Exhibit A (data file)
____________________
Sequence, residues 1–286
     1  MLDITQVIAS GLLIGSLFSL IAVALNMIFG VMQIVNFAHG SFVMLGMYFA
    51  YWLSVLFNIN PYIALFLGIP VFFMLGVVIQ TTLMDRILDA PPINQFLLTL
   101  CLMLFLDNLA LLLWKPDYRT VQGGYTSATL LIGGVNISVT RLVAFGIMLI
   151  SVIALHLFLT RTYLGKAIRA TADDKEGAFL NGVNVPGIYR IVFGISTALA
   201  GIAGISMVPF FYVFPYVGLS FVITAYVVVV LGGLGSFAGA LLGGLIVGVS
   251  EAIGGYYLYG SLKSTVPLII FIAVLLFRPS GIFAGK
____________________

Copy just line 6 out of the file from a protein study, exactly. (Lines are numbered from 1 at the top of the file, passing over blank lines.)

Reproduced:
   201  GIAGISMVPF FYVFPYVGLS FVITAYVVVV LGGLGSFAGA LLGGLIVGVS